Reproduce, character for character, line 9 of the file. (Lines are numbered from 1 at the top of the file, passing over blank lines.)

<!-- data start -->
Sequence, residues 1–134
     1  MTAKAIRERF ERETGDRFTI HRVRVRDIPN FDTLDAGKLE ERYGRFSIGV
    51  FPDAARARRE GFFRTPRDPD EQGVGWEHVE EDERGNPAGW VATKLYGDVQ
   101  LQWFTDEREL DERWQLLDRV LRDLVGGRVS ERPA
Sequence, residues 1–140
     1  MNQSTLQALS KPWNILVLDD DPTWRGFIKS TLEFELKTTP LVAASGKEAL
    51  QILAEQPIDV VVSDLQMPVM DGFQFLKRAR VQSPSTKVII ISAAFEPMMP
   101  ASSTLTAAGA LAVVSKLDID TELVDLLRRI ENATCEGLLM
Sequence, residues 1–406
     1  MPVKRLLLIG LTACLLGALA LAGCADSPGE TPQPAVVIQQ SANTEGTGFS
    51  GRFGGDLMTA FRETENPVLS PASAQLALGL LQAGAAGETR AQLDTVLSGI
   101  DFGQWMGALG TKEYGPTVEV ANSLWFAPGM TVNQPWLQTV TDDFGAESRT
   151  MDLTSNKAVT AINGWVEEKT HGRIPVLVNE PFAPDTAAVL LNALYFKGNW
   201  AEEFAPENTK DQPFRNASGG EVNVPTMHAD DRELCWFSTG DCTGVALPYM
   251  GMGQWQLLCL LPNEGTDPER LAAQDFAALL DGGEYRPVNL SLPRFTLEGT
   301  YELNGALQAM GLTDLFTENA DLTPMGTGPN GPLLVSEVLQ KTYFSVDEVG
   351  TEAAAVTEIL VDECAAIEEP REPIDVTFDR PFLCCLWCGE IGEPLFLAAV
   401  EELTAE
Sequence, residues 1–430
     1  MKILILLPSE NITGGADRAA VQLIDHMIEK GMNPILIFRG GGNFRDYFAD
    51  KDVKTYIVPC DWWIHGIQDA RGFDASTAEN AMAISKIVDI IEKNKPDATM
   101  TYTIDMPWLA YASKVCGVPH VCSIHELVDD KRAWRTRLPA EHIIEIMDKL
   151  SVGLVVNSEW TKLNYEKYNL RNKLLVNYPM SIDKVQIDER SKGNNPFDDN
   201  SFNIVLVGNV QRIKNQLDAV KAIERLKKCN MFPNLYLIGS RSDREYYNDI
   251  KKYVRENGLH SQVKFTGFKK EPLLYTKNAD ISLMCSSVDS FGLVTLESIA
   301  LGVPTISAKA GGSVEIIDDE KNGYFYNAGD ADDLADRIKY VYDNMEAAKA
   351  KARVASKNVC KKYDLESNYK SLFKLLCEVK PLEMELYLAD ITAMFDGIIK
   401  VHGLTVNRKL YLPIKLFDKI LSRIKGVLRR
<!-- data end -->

Sequence, residues 1–406